• 2. Small-scale Coffee Processing Intermediate Technology Development Group Drying The coffee cherries are dried immediately after harvest. This is usually sun drying on a clean dry floor or on mats. The bed depth should be less than 40mm and the cherries should be raked frequently to prevent fermentation or discoloration. However, there are problems associated with this method. The most serious problem is dust and dirt blown onto the produce. Another problem is rainstorms often appear (even in the dry season) with very little warning, this can soak the produce very quickly. Finally, labour has to be employed to prevent damage or theft. Sun drying is therefore not recommended. Solar Drying Figures 1 and 2 are designs for two solar driers - the solar cabinet drier and the Exell solar drier. The coffee should be placed in the trays in the solar drier. The layer of the crop should be no deeper than one inch (3cm) and it is better if the whole tray area is covered. The drier should be ready as early in the day as possible so that all possible sunlight hours are used. The coffee should be stirred regularly so that a uniform colouration is formed. At night, the crop should be placed in a cool dry room. Artificial driers In the wet season solar drying of produce is difficult. Rain is very unpredictable and frequent. Solar driers will prevent the coffee getting wet. However, due to the low level of sunlight, solar drying can take a long time. This can lead to mould growth. An alternative drier is needed. Figure 1: The solar cabinet drier Hulling The dried cherry is then hulled to remove the pericarp. This can be done by hand using a pestle and mortar or in a mechanical huller. The mechanical hullers usually consist of a steel screw, the pitch of which increases as it approaches the outlet so removing the pericarp. Cleaning The hulled coffee is cleaned by winnowing. Wet processing In this method the cherry is squeezed in a pulping machine or pestle and mortar which removes the outer fleshy material (mesocarp and exocarp) leaving a bean covered in mucilage. This mucilage is fermented and dispersed. The bean is Figure 2: The exell solar drier washed and dried. Pulping Pulping involves the removal of the outer red skin (exocarp) and the white fleshy pulp (mesocarp) and the separation of the pulp and beans. Immature cherries are hard and green 2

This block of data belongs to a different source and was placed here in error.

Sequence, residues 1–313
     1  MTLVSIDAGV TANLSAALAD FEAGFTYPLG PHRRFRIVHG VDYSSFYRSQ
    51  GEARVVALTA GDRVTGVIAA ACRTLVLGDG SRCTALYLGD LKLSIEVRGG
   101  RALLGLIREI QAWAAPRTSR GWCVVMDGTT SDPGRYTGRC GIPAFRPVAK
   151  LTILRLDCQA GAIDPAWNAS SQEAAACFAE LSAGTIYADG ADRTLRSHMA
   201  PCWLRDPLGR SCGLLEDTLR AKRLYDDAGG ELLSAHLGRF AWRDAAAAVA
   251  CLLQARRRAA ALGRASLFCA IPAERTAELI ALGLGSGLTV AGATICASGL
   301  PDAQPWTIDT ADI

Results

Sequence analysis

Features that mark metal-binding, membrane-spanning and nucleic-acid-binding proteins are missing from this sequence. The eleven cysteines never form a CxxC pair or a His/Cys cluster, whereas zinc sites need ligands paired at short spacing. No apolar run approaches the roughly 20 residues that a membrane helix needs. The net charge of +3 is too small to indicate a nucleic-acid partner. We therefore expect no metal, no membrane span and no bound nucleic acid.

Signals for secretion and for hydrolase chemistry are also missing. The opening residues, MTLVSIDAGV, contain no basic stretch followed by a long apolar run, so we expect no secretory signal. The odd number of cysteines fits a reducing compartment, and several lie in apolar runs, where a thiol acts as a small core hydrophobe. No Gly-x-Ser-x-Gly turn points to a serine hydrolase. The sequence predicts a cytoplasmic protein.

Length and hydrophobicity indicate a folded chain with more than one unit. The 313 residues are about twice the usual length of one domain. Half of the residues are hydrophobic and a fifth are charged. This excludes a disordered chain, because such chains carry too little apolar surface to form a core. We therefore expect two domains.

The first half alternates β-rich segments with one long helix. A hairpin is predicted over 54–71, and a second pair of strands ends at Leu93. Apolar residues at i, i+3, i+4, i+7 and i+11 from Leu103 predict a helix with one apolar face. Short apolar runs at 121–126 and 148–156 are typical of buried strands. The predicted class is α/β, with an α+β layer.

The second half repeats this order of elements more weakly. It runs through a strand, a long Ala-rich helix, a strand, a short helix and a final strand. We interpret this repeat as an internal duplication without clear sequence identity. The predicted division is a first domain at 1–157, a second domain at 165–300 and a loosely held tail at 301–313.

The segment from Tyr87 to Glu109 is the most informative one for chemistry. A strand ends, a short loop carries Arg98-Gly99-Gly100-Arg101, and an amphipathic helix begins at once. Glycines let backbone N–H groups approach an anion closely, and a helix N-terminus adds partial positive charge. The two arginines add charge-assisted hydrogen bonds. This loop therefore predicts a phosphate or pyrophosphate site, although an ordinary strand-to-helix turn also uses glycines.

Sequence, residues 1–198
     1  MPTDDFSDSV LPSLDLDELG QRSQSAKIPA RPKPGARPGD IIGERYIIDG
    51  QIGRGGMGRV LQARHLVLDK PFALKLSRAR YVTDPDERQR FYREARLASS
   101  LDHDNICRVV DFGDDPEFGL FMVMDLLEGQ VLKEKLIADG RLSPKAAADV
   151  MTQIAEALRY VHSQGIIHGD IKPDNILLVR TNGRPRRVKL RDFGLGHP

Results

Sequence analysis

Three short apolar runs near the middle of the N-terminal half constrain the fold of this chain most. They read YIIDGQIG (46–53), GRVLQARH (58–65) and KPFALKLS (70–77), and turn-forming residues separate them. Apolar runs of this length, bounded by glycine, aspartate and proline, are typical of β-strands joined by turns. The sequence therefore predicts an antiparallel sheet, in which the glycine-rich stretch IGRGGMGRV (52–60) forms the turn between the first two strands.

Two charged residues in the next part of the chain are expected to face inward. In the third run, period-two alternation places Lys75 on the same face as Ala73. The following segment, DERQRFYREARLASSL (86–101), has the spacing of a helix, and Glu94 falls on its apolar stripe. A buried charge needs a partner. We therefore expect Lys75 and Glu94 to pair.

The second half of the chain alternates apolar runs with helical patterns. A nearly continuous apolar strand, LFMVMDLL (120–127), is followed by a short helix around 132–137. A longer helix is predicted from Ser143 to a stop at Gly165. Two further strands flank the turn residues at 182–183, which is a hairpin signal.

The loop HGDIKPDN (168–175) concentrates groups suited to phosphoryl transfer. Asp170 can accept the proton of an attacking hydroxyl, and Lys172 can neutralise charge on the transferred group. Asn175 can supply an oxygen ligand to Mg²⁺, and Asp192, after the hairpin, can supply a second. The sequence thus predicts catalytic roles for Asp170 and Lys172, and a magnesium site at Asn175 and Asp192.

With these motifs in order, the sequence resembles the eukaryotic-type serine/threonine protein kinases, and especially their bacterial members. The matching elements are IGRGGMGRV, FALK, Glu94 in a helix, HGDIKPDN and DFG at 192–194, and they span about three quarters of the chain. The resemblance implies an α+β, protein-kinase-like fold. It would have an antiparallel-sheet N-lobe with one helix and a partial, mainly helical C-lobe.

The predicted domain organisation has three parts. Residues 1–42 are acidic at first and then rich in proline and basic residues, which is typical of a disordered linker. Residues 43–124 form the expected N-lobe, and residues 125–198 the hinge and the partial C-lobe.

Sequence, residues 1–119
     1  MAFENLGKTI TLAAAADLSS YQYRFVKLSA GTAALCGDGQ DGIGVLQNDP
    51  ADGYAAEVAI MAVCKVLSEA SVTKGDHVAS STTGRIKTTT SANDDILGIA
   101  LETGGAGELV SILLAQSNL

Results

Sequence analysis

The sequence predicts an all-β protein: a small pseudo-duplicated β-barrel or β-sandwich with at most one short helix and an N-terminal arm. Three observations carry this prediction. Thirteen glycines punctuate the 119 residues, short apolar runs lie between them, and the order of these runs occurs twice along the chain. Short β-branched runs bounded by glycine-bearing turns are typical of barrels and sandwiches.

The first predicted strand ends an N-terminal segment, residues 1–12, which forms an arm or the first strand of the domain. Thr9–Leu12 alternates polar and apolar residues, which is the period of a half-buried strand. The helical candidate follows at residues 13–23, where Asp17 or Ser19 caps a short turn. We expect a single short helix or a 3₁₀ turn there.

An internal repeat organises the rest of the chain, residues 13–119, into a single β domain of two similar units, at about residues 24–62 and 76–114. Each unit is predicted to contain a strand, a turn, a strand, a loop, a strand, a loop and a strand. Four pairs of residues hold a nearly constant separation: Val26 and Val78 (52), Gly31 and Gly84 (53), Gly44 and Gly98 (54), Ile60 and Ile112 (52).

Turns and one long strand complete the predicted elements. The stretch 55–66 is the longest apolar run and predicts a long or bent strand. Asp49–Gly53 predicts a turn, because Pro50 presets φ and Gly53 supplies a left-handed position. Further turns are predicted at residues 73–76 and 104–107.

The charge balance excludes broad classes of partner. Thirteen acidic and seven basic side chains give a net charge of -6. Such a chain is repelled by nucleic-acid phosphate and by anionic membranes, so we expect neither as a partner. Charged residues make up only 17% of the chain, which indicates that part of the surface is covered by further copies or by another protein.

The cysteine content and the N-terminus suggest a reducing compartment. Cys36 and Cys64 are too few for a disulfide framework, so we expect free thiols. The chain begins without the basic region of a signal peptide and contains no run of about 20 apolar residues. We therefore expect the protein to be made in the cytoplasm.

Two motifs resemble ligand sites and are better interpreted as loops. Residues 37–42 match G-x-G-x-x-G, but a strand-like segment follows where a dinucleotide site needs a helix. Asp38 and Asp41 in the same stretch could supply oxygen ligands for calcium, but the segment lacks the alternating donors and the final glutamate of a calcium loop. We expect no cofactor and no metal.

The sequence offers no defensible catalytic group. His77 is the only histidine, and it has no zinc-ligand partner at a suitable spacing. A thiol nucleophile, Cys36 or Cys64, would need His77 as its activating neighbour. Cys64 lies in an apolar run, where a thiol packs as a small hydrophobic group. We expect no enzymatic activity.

• 3. Small-scale Coffee Processing Intermediate Technology Development Group and very difficult to pulp. If the coffee is to be wet processed, correct harvesting is essential. For small-scale units, the cherries can be pulped in a pestle and mortar, this is very labour intensive. The two most common pulpers and most suitable for small-scale units are the drum and the disc pulpers. Drum pulpers This involves a rotating drum with a punched sheet surface and adjustable breast plate between which the coffee cherries are pulped, the pulp and the beans separated, see Figure 3. The distance between the drum and the breast plate has to be adjusted so that the pulp is removed without the beans being damaged. These can be manually operated or attached to a treadle or bicycle. For larger scale units, motorised drum pulpers are available. Disc pulpers Figure 3: Separation of pulp and beans The same concept is involved with the disc pulper. The only difference is that rather than the cherries being squeezed between a breast plate and a drum, a disc with a roughened surface is used. Mucilage removal The amorphous gel of mucilage around the bean consists of hemicelluloses, pectic substances and sugars and is insoluble in water. This can be removed by chemical methods, warm water or by an 'agua pulper'. However, for small-scale units the only feasible method is fermentation. Fermentation involves the beans being placed in plastic buckets or tanks and left until the mucilage has been broken down. Natural enzymes in the mucilage and feasts; bacteria in the environment work together to break down the mucilage. The coffee should be stirred occasionally and every so often a handful of beans should be tested by washing them in water. If the mucilage can be washed off and the beans feel gritty rather than slippery, the beans are ready. The beans should then be washed immediately as 'off' flavours develop quickly. Drying To prevent cracking the coffee beans should be dried slowly to 10% moisture content (wet basis). Drying should take place immediately after to prevent 'off' flavours developing. The same drying methods can be used for this as for the dry processed coffee. Hulling After drying the coffee should be rested for 8 hours in a well ventilated place. The thin parchment around the coffee is removed either by hand, in a pestle and mortar or in a small huller. Cleaning The hulled coffee is cleaned by winnowing. 3